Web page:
Rams-Dolphins: 5 Things To Watch
By Jim Thomas
Of the Post-Dispatch
Strength against strength
You've got to love this matchup: One of the NFL's top cornerback tandems in Sam Madison and Patrick Surtain of Miami against arguably the NFL's top receiving tandem in Isaac Bruce and Torry Holt of the Rams.
Bruce and Holt have 17 years of experience and seven Pro Bowls between them; Surtain and Madison have 15 years of NFL experience and six Pro Bowls between them.
"They're good cover guys," Bruce said. "They stick and stay. And they can run with receivers down the field, which is important in this league. They have really good change of direction. So it's going to be a challenge."
Especially since Madison and Surtain play press coverage on almost every snap, trying to jam the receiver at the line of scrimmage. "They'll be up in our face," Bruce said.
Surtain and Madison started at cornerback three years ago for Miami when the teams met in St. Louis. Bruce had a modest three catches for 36 yards. But Holt had four grabs for 111 yards, including a 45-yard touchdown.
Surtain usually moves inside to cover the slot receiver in the nickel, so he won't be on Holt or Bruce the entire game. Some observers will tell you that Surtain and Madison have both lost a step. We'll see Sunday.
Miami's QB quandary
The Dolphins just may be the worst downfield passing team in the league. With starter Jay Fiedler, it's more a lack of accuracy than lack of arm strength. Fiedler has been playing with a cracked rib, and not playing well. He will be on a short leash Sunday, and if he struggles against the Rams, look for A.J. Feeley out of the bullpen. They've basically been splitting time in practice the past couple of weeks.
Both QBs have been turnover machines. Fiedler has thrown six interceptions and lost three fumbles. Two of those INTs have been returned for touchdowns in the Dolphins' last three games. (Aeneas Williams, that's your cue.) Feeley has committed six turnovers in just 10 quarters of football.
Fiedler does have some mobility, however, and as Rams DT Ryan Pickett points out: "We've had trouble playing mobile quarterbacks this year. He's not a real runner, but he gets away from a lot of sacks."
Beware the receivers
As inept as the Dolphins have been offensively, there are worse wide receiver tandems than Marty Booker and Chris Chambers. The Rams can't go to sleep on these guys, or they'll get burned if Fiedler - or Feeley - can get anything going. Booker had two 1,000-yard seasons as a Chicago Bear. Chambers is more of a speed threat and had 11 TD catches a year ago.
The Rams have had trouble covering tight ends, and the Dolphins have one the league's best young players at that position in Randy McMichael. He leads the Dolphins in receptions (31) and reception yards (370), and has caught at least three passes in every game this season.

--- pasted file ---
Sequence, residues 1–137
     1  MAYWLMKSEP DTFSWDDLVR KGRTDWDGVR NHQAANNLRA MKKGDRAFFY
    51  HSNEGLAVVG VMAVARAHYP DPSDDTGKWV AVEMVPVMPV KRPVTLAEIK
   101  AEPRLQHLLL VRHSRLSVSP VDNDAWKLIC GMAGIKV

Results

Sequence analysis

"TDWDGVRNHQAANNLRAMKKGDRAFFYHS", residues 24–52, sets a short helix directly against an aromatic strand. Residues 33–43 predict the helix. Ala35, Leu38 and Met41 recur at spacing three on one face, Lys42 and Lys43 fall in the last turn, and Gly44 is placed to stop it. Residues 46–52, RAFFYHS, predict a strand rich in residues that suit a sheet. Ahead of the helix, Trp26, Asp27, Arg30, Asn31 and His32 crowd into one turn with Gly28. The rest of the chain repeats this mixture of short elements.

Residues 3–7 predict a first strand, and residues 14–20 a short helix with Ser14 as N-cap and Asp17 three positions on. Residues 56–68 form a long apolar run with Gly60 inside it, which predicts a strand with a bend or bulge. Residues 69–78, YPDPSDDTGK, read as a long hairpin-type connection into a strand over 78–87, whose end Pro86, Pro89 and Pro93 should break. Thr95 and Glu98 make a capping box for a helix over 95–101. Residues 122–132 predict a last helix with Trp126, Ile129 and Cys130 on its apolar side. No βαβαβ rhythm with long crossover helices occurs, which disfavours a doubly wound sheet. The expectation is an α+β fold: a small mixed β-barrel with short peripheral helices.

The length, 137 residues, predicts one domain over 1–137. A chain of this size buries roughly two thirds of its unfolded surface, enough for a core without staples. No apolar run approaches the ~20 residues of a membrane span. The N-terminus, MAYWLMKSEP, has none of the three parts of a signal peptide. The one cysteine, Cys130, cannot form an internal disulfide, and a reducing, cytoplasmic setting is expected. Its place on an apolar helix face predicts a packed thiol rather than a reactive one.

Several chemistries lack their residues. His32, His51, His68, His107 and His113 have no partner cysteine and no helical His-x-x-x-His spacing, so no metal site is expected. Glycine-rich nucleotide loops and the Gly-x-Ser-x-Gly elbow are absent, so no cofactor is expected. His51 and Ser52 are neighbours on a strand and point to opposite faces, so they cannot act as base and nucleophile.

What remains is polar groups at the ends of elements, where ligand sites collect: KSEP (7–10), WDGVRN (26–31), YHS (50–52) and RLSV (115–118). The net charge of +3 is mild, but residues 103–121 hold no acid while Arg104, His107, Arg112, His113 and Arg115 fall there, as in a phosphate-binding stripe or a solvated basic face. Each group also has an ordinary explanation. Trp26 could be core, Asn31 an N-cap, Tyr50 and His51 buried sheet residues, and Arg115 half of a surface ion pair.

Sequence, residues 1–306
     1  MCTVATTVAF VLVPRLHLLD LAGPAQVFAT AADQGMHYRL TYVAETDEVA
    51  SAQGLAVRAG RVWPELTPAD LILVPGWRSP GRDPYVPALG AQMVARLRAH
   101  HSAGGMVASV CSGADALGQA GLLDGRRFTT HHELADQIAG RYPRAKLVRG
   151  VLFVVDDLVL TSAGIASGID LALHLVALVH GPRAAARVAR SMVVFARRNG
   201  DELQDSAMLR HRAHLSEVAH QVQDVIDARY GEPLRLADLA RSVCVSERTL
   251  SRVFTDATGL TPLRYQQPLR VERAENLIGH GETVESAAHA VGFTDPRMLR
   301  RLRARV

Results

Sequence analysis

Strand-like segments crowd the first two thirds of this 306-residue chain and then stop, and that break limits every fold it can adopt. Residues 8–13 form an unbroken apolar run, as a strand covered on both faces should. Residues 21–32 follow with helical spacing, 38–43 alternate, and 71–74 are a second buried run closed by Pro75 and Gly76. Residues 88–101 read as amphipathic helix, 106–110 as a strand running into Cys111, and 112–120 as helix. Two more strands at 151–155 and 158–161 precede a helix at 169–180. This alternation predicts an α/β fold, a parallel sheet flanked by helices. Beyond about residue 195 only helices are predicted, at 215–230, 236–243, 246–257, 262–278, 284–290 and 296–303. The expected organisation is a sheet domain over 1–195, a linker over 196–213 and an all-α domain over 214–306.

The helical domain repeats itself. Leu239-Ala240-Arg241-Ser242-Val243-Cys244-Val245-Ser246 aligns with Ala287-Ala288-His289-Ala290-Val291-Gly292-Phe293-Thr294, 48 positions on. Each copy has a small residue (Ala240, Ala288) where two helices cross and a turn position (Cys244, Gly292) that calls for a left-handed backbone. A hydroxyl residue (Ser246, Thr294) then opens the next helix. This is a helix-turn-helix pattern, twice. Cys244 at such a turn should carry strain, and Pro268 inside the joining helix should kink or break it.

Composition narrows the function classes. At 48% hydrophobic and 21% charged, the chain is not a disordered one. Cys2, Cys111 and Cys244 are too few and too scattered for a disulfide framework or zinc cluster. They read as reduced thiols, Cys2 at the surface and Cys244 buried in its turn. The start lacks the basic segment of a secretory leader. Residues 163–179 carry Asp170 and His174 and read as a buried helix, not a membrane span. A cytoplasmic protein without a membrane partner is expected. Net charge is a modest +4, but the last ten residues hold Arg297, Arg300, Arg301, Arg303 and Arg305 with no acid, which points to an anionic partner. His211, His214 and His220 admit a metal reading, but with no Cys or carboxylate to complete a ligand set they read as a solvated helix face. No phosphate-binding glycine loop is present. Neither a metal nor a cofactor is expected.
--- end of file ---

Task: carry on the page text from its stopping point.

Running on empty
No Ricky Williams equals no running game. It's as simple as that for the Dolphins, who are averaging a measly 3.0 yards per carry on the ground.
The starter by default is Sammy Morris, a converted fullback who has played with a nagging ankle sprain since the Dolphins' season opener. He has some size (220 pounds), runs with toughness, and is most effective between the tackles. He rushed for 91 yards last week against Buffalo, but we're not talking Ricky Williams here.
Opening-day starter Travis Minor, who has more of an outside burst, could return to the running back rotation after missing the last five games with an ankle injury. Otherwise, the Rams could see Leonard Henry or Brock Forsey. In short, this is the most nondescript running-back corps in the NFL.
One of the problems with the lack of a running game has been the lack of an offensive line. Or at least a good one. One of the team's big free-agent acquisitions, left guard Jeno James, is struggling. Former Ram John St. Clair returns after missing the past two games with knee and ankle injuries. This may come as a shock to Rams fans who watched him struggle as a starter in 2002, but St. Clair has been the Dolphins' best offensive lineman when healthy. He'll be matched up against Rams DE Leonard Little on Sunday.
It's all but a certainty that Jeff Chandler will handle place-kicking chores for the Rams in place of the injured Jeff Wilkins. Chandler hasn't kicked in a regular-season game since September 2003, so he's hardly a sure thing. He's 10 of 10 in his brief NFL career on field goals of less than 40 yards, but only four of nine from 40 yards and beyond. So the Rams may be less likely to try longer field goals Sunday.
Coach Mike Martz is none too pleased that Wilkins injured his ankle making a touchdown-saving tackle on Tampa Bay's first kickoff return of the night Monday. Wilkins later saved another TD, bum ankle and all.
"The bad news about that is your kicker is the leading tackler on the kickoff team," Martz said. "That's not very good. That obviously is a big issue this week. . . . We're going to get the right people out there, who want to get down there and blow somebody up and get the ballcarrier."
Dwight Anderson, Trev Faulk, Erik Flowers and Anthony Hargrove have been the Rams' most consistent performers on kickoff coverage. But Faulk is expected to miss his second successive game - and fourth overall this season - because of hamstring problems.